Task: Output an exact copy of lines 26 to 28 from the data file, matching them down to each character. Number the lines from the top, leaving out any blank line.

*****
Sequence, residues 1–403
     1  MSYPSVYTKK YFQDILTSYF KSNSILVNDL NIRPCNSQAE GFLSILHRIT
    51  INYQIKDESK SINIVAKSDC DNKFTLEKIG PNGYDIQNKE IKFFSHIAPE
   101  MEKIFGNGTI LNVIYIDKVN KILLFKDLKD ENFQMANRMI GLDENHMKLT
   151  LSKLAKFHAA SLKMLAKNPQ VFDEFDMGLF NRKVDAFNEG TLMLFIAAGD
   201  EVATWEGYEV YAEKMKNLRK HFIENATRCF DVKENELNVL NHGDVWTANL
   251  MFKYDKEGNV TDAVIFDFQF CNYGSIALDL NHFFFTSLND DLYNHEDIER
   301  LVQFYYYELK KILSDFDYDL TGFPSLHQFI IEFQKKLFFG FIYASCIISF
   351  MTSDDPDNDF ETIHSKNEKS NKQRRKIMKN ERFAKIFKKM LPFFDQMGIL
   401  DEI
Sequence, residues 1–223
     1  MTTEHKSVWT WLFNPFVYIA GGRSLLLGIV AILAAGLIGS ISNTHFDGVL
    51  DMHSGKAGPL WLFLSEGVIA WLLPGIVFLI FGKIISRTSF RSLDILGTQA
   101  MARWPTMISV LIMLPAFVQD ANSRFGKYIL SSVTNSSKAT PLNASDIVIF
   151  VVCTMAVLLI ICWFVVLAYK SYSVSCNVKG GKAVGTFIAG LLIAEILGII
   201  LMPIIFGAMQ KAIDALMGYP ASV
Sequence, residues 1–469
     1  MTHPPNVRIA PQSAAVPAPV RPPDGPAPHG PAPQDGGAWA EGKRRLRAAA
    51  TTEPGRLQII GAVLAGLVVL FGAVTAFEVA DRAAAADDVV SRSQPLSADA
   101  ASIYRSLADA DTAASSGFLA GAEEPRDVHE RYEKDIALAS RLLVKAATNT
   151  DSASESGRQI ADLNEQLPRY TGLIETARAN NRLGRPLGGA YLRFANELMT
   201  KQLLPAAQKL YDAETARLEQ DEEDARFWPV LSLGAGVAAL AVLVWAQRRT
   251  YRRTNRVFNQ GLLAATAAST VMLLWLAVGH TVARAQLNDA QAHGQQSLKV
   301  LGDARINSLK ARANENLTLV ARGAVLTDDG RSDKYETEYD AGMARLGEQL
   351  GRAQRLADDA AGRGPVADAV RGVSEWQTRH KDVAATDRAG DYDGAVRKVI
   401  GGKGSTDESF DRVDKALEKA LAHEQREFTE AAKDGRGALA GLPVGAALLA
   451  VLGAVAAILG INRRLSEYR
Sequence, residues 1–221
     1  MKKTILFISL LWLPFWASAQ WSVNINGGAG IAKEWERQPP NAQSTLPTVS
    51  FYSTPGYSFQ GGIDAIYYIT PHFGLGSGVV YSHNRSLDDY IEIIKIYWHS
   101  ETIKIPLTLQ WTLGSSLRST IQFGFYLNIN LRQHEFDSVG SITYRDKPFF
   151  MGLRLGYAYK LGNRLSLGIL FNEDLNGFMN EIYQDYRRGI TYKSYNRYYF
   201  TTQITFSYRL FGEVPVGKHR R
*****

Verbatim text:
   401  GGKGSTDESF DRVDKALEKA LAHEQREFTE AAKDGRGALA GLPVGAALLA
   451  VLGAVAAILG INRRLSEYR
Sequence, residues 1–221